Current tram network has situated in suburb, and the infrastructure is more expensive like bus (includes masts, wires, stops, etc.,). But they are very popular for commuters than bus. If now they can re-make that costly infrastructure, why not past? Previous network was much ordinary than present. Actually they were lobbying the automobile industry, and the industry started marketing automobiles, like many cities around the world.

3) The belief that trams were outdated and old technology meanwhile,

If tram is really outdated, why the transport authority returned it in Athens? It clearly shows that outdated technology idea was completely fake.

4) There was a belief that buses were cheaper to run than trams.

Although initial construction cost of tramway network is higher, but it is profitable for long term, because buses runs on diesel, which is being costly month by month over the world, and also decreasing from nature’s storage. Diesel can’t be made artificially, but electricity can make from various sources, like air, water, tide etc, so it is unlimited, and it is also pollution free.

5) The system was in a poor state of repair.

Many cities around the Europe, has maintained tram, struggling over World War 2, by investing seriously on track & rolling stocks. Even I live in Kolkata, but my city has still a good tram network. When Athens closed their tram in 1960, Kolkata’s tram has started its decline – but still one of the large system in Asia. So “impossible repairing” is just another lie.

6) The overcrowded and heaving trams running at a high frequency, in competition with growing private motor car and bus use, created congestion.

Buses are still present in Athens, even much more than before. Aren’t they competing with tram now? If now tram can attract more people than bus, I think if Shenyang Transport Authority should be patient, trams would sure survived, even defeat bus. It says that trams were overcrowded, it means were very popular among the citizens, and also ran on high frequency, means a reliable service. Actually they started following other cities for withdrawing tram during sixties.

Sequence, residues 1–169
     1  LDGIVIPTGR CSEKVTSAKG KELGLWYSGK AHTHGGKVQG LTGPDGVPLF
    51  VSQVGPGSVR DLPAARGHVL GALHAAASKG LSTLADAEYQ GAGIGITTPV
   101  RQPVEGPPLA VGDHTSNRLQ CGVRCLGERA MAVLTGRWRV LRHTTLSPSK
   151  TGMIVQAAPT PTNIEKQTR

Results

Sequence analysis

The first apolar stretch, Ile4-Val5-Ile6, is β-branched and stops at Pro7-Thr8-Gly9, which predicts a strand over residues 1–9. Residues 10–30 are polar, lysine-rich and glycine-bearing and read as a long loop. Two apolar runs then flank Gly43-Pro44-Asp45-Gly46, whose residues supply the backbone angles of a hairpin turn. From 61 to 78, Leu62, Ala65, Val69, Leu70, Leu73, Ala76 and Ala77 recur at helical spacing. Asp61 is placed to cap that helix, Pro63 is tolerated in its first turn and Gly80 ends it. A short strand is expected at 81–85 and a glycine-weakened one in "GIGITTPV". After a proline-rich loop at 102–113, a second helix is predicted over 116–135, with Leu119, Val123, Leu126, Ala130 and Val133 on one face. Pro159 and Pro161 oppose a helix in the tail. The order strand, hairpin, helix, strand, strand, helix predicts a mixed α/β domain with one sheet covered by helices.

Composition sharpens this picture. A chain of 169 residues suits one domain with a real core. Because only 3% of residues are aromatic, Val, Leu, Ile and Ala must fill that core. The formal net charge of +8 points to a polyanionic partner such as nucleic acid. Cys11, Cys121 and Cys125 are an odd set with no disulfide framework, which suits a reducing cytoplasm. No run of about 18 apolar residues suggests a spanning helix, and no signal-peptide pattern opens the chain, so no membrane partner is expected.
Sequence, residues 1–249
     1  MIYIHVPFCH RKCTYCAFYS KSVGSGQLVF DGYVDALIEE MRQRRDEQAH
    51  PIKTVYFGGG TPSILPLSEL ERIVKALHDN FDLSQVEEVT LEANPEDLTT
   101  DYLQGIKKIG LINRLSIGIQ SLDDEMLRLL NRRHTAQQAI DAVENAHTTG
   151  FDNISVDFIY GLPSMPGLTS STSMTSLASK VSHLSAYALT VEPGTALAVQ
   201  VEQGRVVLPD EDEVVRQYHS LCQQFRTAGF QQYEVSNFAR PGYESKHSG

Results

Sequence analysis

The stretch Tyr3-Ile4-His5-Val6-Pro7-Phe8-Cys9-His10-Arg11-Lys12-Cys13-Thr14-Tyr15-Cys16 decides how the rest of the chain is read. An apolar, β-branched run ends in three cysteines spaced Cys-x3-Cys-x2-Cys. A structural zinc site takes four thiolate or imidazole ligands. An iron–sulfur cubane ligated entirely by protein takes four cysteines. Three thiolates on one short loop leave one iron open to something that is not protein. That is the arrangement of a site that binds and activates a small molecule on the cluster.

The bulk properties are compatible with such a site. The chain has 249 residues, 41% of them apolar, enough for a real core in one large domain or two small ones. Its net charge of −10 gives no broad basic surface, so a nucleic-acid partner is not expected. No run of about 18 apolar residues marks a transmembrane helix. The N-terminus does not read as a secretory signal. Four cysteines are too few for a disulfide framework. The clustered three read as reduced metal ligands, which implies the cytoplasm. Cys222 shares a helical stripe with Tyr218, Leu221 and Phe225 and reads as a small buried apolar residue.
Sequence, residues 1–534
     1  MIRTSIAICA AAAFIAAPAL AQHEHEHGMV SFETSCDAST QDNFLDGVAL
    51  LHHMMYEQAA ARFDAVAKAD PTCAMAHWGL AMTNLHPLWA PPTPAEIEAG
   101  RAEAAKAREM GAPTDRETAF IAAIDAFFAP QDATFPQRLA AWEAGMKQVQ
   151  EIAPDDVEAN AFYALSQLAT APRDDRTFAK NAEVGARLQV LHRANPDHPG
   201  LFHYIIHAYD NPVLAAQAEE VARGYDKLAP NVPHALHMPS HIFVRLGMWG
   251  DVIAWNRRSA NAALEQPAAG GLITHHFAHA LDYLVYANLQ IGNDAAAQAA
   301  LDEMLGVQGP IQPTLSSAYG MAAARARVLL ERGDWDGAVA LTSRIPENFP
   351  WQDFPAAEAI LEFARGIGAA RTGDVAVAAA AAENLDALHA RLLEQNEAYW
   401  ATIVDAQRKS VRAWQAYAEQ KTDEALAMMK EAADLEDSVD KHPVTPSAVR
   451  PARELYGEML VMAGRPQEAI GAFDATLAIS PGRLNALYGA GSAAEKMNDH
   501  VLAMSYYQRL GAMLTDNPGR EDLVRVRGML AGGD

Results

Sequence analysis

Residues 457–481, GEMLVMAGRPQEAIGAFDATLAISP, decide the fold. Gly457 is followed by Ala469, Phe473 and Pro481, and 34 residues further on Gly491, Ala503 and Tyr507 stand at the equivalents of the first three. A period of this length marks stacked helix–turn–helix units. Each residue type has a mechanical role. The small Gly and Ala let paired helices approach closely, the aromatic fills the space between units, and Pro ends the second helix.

7) Competition from the private car, private bus operators and the perception of traffic congestion led to the gradual closure of lines from the 1970s.

Despite the competition with automobile, they were very popular among citizens due to high frequency. Actually they were lobbying the automobile industry, and the industry started marketing automobiles, like many cities around the world.

8) Closure was supported by the authority, but generally went against public opinion.


It is very natural that ordinary people can’t be against with tram. Tram is pollution free, gentle and a status symbol of a civilized city. Even I live in Kolkata, but my city has still a good tram network.

So are we sure that Athens will not again close its tram for some updated closure reasons?
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Old July 4th, 2014, 04:56 PM   #496
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Quote:
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4) There was a belief that buses were cheaper to run than trams.

Although initial construction cost of tramway network is higher, but it is profitable for long term, because buses runs on diesel, which is being costly month by month over the world, and also decreasing from nature’s storage. Diesel can’t be made artificially, but electricity can make from various sources, like air, water, tide etc, so it is unlimited, and it is also pollution free.
This is not correct in that simplicity. The average cost of Kilometer by train/car, including maintainance, energy and stuff is the highest for tram, followed by bus and than by Metro in central Europe. Energy costs have to be seen in relation with the average use of space offered. To say it short: An empty running tram would be en ecologic desaster, no matter where the electric energy derives. This is a mistake often made with effectiveness of rail-transport. As it is not that flexible, there is a need for a certain amount of passengers to make it beneficial. If a privatley owned